U.S. Rep. Lloyd Doggett (D-TX) introduced a bill to simplify the Free Application for Federal Student Aid, or FAFSA, which could affect nearly 70 percent of the Texas State students who receive financial assistance.
The proposed bill—the Equitable Student Aid Access Act—aims to diminish complications for students who fill out the financial form.
“Too many students find the FAFSA too complicated to complete, so they lose access to available financial aid, causing many to abandon college education,” Doggett said in a press release. “Students who failed to complete the FAFSA could have received millions in federal assistance.”
Every year, students in need of financial services can apply to receive federal grants, loans and/or work-study funds for the fiscal year to help get through college. In 2016, Texas State had 27,074 of 38,849 students utilize FAFSA
The bill is composed of several new features such as making FAFSA available earlier in the year. Another feature calls to expand the program’s eligibility, allowing more students to receive federal grant money to pay for higher education in a timely manner.
The act would allow access to FAFSA forms in October instead of January. Applicants can submit tax data from the past two previous years. Filers who begin the process in October can use IRS documents already verified and completed.
With the filing opportunities the bill provides, students would no longer have to make as many estimates on their FAFSA forum. Estimating can result in selection for verification, which can slow down the process. This, among others, is a problem students experience often.
Dr. Christopher Murr, director of Financial Aid and Scholarships, encourages students to utilize the new FAFSA services the bill provides.
“We want our students to complete the FASFA in October, especially if they have a financial need,” Murr said. “That allows us to maximize the help they can get.”
Another feature of the bill would be to revive the Data Retrieval Tool. This function allows students to transfer required IRS tax information to their applications automatically.
The DRT was taken down March 3 with no warning. This happened just two weeks before FAFSA was due for aid in Texas. According to a joint statement made from the IRS and ED, the tool was removed “to protect sensitive taxpayer data.” Doggett worked with both the IRS and the Department of Education to ensure students would be able to use the DRT.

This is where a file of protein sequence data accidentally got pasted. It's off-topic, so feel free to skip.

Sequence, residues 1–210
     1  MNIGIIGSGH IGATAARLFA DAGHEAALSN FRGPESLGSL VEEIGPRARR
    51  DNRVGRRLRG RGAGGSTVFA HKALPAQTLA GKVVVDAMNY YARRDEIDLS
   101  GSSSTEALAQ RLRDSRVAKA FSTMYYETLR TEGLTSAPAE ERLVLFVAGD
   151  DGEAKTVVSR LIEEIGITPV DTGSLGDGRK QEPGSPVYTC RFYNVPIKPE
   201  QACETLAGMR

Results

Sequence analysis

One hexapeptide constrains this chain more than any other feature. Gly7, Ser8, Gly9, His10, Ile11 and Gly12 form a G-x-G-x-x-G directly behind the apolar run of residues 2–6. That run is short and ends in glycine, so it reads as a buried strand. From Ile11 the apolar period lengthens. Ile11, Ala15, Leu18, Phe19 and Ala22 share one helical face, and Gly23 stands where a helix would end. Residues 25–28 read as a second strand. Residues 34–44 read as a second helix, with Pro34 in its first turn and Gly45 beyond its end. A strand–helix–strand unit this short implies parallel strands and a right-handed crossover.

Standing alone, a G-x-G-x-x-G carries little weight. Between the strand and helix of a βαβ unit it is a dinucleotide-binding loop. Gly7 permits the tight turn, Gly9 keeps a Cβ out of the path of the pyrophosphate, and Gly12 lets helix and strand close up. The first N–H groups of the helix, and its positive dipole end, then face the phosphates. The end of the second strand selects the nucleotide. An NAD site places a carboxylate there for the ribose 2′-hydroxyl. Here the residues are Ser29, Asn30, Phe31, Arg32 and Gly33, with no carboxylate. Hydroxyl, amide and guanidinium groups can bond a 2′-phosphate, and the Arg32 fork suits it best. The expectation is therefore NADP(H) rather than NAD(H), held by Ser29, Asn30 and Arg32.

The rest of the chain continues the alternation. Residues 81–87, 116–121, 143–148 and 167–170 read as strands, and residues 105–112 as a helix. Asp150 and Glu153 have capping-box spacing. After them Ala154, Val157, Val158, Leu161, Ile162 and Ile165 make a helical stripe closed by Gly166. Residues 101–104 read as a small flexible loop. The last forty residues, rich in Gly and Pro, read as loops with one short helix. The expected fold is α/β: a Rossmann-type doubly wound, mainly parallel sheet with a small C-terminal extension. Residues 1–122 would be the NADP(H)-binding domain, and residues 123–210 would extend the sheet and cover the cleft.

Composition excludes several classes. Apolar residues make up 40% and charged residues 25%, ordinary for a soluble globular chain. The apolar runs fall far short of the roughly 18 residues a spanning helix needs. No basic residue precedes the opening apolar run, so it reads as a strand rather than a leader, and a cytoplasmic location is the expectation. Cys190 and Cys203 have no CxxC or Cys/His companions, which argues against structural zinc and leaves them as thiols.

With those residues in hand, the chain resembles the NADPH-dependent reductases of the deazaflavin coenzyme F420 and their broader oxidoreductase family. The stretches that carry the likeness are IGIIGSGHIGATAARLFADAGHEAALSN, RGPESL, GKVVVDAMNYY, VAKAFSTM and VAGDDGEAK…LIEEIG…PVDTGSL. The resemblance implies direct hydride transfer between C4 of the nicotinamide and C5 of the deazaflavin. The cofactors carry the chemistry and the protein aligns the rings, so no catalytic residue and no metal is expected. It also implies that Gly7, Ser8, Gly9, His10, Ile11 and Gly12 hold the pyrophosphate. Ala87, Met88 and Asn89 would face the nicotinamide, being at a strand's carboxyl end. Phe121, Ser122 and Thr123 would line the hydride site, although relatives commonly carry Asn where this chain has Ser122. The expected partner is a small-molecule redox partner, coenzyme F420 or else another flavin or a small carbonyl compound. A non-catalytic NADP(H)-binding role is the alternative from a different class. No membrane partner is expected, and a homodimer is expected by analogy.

The U.S. Department of Education recognized San Antonio and Austin as two of the top five cities in the nation to increase FAFSA completion rates. More than half of San Antonio students graduating high school now apply for federal financial aid to help assist with the high costs of college.
Lastly, the bill would assist families who make less than $30,000 a year. Students enrolled in a federal means-tested benefit program would be able to skip questions pertaining to financial assets.
These programs include the Temporary Assistance for Needy Families, Supplemental Nutrition Assistance Program, the Special Supplemental Nutrition Program for Women, Infants and Children and Supplementary Security Income.
“Families who receive means-tested benefits should not have to prove again and again that they are poor,” said Executive Director Kim Cook in a press release.
For the students who qualify, the maximum grant would entail $5,815 for the student’s tuition cost. Texas State Students received over $51,690,000 million in Pell Grants in 2016.
“If you are willing to work to get yourself to college, I am willing to work to help get you through without insurmountable debt,” Doggett said on his website.
Doggett filed the bill April 6 with over 63 co-sponsors. Following the two-week adjournment of the United States congress, the bill will take necessary steps and could potentially be signed into law.